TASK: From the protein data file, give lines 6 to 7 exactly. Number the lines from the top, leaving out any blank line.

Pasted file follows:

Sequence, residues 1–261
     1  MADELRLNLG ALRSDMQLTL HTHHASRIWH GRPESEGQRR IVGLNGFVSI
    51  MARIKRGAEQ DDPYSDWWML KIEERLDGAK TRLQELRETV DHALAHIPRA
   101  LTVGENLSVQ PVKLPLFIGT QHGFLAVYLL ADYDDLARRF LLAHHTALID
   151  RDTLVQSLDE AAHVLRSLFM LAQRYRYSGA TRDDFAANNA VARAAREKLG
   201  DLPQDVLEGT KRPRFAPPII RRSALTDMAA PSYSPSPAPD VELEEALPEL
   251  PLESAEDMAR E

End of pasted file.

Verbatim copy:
   201  DLPQDVLEGT KRPRFAPPII RRSALTDMAA PSYSPSPAPD VELEEALPEL
   251  PLESAEDMAR E